Martin Lewis has shared how much households face paying for energy later this year as the cost of living crisis deepens.
The money-saving expert described the bleak outlook as “horrendous” as millions are already struggling to pay their bills since energy prices soared in April.
What is the latest price cap prediction?
Latest predictions from analysts at Cornwall Insight suggest the price cap could rise to £3,244 from October - up from the £3,003 figure estimated just two weeks ago.
It is then predicted the price cap could rise again to £3,363 from January.
The price cap sets a limit on the rates a supplier can charge for each unit of gas and electricity you use. It is currently set at £1,971 and covers 22 million households.
Martin Lewis described the bleak outlook for the coming months as “horrendous”.
Writing on Twitter, he said: “I feel sick writing this!
“I’ve just got the latest price cap predictions from @CornwallInsight. A huge spike in the key year-ahead wholesale price means OCT cap prediction UP 64% (so £3,244/yr on typical bills) JAN cap prediction UP 4% (so £3,363/yr).
“It’s horrendous. Especially as we’re now near the end of the assessment period that sets Oct’s cap, so this is the right ballpark.”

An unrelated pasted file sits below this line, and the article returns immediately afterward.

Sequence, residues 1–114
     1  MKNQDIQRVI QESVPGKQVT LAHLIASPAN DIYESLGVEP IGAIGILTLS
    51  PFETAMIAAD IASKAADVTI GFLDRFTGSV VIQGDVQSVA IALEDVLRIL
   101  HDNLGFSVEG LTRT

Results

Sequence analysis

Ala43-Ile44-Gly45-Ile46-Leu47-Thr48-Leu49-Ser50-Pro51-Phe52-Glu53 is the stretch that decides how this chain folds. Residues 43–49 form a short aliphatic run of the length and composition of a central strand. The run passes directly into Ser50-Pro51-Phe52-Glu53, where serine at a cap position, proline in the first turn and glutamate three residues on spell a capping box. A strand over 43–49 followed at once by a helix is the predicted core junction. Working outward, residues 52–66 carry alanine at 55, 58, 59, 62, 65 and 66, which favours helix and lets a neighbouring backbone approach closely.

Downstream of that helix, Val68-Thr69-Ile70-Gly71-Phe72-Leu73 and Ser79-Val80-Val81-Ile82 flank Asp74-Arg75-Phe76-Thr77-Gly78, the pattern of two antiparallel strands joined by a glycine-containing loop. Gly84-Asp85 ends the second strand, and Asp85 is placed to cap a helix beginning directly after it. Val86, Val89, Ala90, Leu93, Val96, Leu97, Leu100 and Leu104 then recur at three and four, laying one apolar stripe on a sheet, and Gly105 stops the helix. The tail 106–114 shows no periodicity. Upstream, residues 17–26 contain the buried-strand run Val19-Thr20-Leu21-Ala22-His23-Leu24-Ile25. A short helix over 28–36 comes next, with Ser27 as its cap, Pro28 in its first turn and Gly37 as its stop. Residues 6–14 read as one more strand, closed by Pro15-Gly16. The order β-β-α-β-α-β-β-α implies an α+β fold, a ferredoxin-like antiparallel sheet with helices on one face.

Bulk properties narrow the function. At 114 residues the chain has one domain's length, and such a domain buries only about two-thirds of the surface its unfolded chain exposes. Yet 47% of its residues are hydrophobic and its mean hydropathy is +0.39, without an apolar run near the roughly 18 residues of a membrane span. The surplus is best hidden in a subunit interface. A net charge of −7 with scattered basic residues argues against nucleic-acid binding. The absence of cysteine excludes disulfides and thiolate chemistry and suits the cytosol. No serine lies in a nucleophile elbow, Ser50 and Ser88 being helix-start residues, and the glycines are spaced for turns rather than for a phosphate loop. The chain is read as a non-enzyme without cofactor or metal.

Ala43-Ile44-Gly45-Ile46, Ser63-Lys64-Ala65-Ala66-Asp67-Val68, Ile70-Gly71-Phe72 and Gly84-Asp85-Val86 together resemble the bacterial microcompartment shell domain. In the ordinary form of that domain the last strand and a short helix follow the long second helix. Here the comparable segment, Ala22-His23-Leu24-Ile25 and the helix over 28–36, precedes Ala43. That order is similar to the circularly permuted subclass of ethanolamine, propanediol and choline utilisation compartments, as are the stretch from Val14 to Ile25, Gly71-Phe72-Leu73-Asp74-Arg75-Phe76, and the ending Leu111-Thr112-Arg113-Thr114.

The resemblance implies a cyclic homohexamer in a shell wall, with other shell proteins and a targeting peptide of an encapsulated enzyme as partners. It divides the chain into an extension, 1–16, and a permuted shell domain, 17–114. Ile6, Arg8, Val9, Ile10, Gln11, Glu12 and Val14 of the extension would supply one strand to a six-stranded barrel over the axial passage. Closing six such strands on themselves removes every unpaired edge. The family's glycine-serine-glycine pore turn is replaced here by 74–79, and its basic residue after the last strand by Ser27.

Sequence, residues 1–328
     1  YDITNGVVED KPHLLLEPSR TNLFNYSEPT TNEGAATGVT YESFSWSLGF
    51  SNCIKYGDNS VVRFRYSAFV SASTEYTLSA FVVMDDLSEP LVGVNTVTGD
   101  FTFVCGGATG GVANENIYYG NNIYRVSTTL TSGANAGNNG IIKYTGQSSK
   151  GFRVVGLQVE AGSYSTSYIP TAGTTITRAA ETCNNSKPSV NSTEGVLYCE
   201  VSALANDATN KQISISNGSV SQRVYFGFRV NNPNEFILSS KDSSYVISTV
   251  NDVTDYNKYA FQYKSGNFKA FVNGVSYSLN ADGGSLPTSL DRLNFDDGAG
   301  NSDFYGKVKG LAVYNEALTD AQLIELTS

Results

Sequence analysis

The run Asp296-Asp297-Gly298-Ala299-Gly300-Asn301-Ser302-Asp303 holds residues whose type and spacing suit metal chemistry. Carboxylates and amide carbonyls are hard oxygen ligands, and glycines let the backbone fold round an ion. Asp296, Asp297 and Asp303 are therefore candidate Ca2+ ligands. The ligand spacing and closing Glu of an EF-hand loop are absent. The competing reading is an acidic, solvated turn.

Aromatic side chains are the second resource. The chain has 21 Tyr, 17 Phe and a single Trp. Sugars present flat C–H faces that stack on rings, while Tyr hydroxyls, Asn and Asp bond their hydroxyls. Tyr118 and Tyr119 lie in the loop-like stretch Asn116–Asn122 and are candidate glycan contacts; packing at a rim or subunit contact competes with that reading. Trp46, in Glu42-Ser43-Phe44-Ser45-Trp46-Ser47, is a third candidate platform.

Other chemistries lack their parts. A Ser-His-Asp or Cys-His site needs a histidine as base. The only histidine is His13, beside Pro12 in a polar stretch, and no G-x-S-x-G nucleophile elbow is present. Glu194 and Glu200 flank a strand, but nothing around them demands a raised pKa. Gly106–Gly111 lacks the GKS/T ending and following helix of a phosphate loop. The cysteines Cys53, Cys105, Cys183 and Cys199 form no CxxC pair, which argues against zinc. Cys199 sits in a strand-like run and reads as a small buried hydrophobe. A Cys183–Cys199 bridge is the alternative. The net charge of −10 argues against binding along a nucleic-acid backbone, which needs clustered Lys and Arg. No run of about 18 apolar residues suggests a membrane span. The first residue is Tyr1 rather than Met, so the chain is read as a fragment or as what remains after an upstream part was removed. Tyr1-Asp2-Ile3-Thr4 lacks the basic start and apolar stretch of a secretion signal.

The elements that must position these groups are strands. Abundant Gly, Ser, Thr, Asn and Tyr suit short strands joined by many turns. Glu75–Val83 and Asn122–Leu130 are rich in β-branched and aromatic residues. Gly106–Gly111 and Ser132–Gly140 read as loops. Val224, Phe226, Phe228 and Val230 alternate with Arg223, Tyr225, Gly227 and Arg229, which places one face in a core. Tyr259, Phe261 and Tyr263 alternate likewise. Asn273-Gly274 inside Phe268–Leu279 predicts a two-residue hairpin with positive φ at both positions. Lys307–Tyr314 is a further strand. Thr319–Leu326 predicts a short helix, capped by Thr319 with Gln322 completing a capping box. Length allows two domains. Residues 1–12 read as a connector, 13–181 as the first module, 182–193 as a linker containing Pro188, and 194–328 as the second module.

He added: “The Oct prediction is now £450/yr HIGHER than Ofgem mooted in May & that was what Sunak based the £400-£1,200/yr help on. More will be needed!
“Please share - people need to know what’s coming to see if they can prepare for it.”
Mr Lewis explained that the planned increases means families currently paying £100 a month for energy will be set back £165 from October and £170 from January.
Those paying out £150 will see it increase to £250 and £255 by the new year, and people already paying £200 a month face prices of £330 and £340.
Families currently paying £300 will have to find £495 by October and £510 from January.
He added: “I’m sorry.”
Why is the price cap set to rise?
Cornwall Insight said the reason for its higher price cap estimation is down to “uncertainty regarding Russian gas flows into continental Europe”, as well as the halted strike by Norwegian gas workers.
Dr Craig Lowrey, principal consultant at Cornwall Insight, previously said: "There is always some hope the market will stabilise and retreat in time for the setting of the January [price] cap.
“However, with the announcement of the October cap only a month away, the high wholesale prices are already being baked into the figure, with little hope of relief from the predicted high energy bills."
When do cost of living payments begin?
The first cost of living payments will start to hit accounts from this week.
The first half of the £650 payment - worth £326 - will be given to those who claim Universal Credit, income-related Employment and Support Allowance, income-based Jobseeker’s Allowance, Income Support, and Pension Credit from 14 July.
The second payment - worth £324 - will then arrive to these eligible households in the autumn, although no set date has been announced.